As your business expands and your staff grows, it’s a given that you will eventually experience new challenges. One of the biggest challenges business owners face as their company grows is creating a safe and productive environment for all employees. The biggest threats to reaching that goal are common ethical issues that all businesses deal with.

The business ethics concerns that affect companies are similar to the ones we deal with in everyday life. What makes them different, of course, is when they occur inside your business it becomes your responsibility.

Companies with ethical issues face some problems that can be corrected, the misuse of company time. Other moral issues, like harassment and employee theft, are much more serious. The best way to prepare and prevent your company from experiencing one of these scenarios is to learn more about them.

To help you navigate the current ethical issues in business, we put together a list addressing the nature of these problems so you can stop them from happening in the future.

  • Misusing Company Time

    Any hours your employees are being paid to work is defined as company time. The misuse or abuse of this time occurs when an employee isn’t being as productive as they can because they are distracted or using their time to work on personal tasks.

    While employees can be distracted by a variety of things, the number one culprit is smartphones. According to a report by Udemy Research, 36% of employees under the age of 35 admitted to spending two hours or more checking their smartphone during the workday. It may seem innocent at first but employees pulling out their phones between tasks to scroll their Instagram feed can turn into an hour of distracted work.

    In addition to the distractions employees face, many of us spend more time at our job during the week than we do at home. This makes it hard to accomplish some of the personal tasks and goals we’ve set for ourselves. That’s why many employees feel the need to either work on personal tasks or decompress during work hours. This is the number one issue on our list of current ethical issues in business because it happens often and can sometimes be hard to identify.

    How You Can Reduce the Misuse of Company Time

    • Make your internet and cell phone policies clear
      Forbidding the use of phones at work will not solve your problem.
    • Set a good example
      Constantly being on your phone or distracting your employees sends the wrong message.
    • Engage your employees
      Reprimanding your workers for their phone use will have the opposite effect and could further unmotivate. Try engaging your employees with work-related questions to get them back on track.
  • Harassment

    The second common ethical issue on this list is the most damaging to a company’s work environment and its employees. Harassment in the workplace can make it uncomfortable for your employees to come to work, nevermind work productively. Avoiding harassment in the workplace starts with understanding what it is.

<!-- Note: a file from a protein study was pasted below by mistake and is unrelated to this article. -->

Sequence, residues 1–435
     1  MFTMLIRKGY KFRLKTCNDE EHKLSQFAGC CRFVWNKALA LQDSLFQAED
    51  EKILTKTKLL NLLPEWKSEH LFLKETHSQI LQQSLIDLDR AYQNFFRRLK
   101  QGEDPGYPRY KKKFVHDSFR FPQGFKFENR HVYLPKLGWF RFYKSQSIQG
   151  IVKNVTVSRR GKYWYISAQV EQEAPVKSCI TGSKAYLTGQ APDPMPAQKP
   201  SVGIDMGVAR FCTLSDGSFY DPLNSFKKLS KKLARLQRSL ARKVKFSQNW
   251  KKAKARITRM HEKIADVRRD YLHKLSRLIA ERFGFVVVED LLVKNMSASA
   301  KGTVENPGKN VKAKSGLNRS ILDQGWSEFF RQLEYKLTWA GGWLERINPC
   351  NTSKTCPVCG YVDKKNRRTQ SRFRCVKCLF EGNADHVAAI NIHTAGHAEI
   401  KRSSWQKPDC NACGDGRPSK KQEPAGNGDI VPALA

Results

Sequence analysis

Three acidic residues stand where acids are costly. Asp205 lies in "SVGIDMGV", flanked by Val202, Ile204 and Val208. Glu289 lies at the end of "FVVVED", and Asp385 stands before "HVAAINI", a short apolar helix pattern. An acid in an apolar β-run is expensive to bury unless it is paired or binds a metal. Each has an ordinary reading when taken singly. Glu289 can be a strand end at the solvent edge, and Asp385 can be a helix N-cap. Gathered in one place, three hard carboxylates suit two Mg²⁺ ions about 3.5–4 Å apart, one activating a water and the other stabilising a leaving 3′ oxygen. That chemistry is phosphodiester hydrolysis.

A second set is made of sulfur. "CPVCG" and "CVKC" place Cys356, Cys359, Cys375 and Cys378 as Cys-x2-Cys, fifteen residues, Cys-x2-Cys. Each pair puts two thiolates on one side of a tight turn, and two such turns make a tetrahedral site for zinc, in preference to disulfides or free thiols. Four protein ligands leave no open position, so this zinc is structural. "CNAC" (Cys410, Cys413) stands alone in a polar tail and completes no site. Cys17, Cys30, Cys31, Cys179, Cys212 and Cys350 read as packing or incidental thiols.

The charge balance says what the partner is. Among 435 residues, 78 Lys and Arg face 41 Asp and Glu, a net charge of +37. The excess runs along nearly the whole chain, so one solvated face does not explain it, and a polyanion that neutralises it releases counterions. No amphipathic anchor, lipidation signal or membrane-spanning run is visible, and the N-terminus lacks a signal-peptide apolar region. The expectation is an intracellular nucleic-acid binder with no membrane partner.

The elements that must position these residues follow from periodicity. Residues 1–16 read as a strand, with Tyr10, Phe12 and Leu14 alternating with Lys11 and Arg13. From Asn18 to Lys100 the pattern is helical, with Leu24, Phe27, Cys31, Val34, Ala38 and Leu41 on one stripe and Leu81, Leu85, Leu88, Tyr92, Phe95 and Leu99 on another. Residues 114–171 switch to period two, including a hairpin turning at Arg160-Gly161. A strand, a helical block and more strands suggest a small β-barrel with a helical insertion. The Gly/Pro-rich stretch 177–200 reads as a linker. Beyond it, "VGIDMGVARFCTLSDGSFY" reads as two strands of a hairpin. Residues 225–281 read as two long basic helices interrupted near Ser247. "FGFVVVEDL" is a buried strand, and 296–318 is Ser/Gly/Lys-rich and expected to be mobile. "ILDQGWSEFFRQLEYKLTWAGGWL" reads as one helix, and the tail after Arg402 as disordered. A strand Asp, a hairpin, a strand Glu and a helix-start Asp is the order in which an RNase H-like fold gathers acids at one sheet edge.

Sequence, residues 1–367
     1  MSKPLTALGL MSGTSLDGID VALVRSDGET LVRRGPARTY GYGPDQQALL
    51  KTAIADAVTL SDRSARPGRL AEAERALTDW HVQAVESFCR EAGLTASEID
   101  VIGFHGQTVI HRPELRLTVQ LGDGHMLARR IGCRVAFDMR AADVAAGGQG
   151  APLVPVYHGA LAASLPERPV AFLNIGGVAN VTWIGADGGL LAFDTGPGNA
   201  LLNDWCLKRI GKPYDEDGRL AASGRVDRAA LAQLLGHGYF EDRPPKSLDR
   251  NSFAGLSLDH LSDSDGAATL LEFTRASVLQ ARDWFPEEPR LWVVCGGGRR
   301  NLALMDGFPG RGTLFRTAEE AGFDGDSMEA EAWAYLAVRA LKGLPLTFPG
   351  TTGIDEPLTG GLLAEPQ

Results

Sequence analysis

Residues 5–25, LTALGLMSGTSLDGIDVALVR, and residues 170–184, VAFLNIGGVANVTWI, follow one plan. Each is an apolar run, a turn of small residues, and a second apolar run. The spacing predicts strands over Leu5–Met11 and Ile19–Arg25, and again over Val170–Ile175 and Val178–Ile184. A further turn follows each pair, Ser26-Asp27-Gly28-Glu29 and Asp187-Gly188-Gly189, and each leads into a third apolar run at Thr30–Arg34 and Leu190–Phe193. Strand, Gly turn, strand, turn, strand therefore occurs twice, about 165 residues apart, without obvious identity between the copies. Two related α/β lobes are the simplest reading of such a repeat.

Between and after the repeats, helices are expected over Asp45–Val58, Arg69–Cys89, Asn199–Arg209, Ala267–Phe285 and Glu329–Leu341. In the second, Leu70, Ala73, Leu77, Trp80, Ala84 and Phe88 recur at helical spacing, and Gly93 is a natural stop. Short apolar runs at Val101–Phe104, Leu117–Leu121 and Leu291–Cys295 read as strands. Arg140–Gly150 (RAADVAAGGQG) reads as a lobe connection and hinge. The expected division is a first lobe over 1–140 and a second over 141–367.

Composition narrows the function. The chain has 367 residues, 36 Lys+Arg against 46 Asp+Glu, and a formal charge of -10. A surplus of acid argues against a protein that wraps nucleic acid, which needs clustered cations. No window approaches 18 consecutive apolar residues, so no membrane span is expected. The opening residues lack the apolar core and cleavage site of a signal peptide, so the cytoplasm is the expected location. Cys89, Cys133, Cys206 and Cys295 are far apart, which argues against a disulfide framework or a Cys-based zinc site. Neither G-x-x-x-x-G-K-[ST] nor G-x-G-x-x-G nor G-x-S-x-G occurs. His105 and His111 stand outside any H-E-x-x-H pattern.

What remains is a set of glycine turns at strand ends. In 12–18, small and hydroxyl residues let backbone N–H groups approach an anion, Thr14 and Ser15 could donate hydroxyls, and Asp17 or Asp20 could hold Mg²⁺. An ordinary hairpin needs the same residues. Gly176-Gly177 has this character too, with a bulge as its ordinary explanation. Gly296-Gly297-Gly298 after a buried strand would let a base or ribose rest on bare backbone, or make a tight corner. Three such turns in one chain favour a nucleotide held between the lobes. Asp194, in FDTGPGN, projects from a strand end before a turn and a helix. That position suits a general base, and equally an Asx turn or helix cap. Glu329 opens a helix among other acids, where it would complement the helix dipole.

Harassment isn’t just an act committed by management. Harassment can be committed by co-workers, managers and even clients. Anytime a person’s actions affect an employee’s success or comfort level, that is harassment. Remember that these matters can be extremely sensitive so it’s crucial you handle these cases with care and investigate them thoroughly. In some situations, you may need legal advice. The safety of your employees is your number one concern.

    There are two types of harassment in the workplace; sexual and non-sexual. Let’s review the differences:

    Sharing inappropriate sexual images or videos Using racial slang, phrases or nicknames
    Sending suggestive notes or emails Ridiculing and employees religious beliefs
    Making inappropriate sexual gestures Sharing inappropriate images, videos, emails or notes
    Inappropriate touching Wearing offensive clothing

    How to Avoid Harassment In the Workplace

    • Putting the right policies in place
      You can proactively prevent harassment in the workplace by crafting policies and procedures making it clear there will be no tolerance for any ethical misconduct.
    • Training your employees
      Training your employees to recognize harassment in the workplace is an important step in preventing it. Use up-to-date training videos and other engaging material to convey your point.
    • Working together
      Speak with your human resources department or other managers and work together to create an effective training program and distribute important takeaways to employees and management via email or memo.
  • Employee Theft

    All business owners are aware theft is their number one threat to loss prevention. What business owners haven’t accepted is who is stealing from them. According to CBS News, companies can lose 5% of its annual revenue to employee theft and fraud. As a business owner, this can be maddening to think about.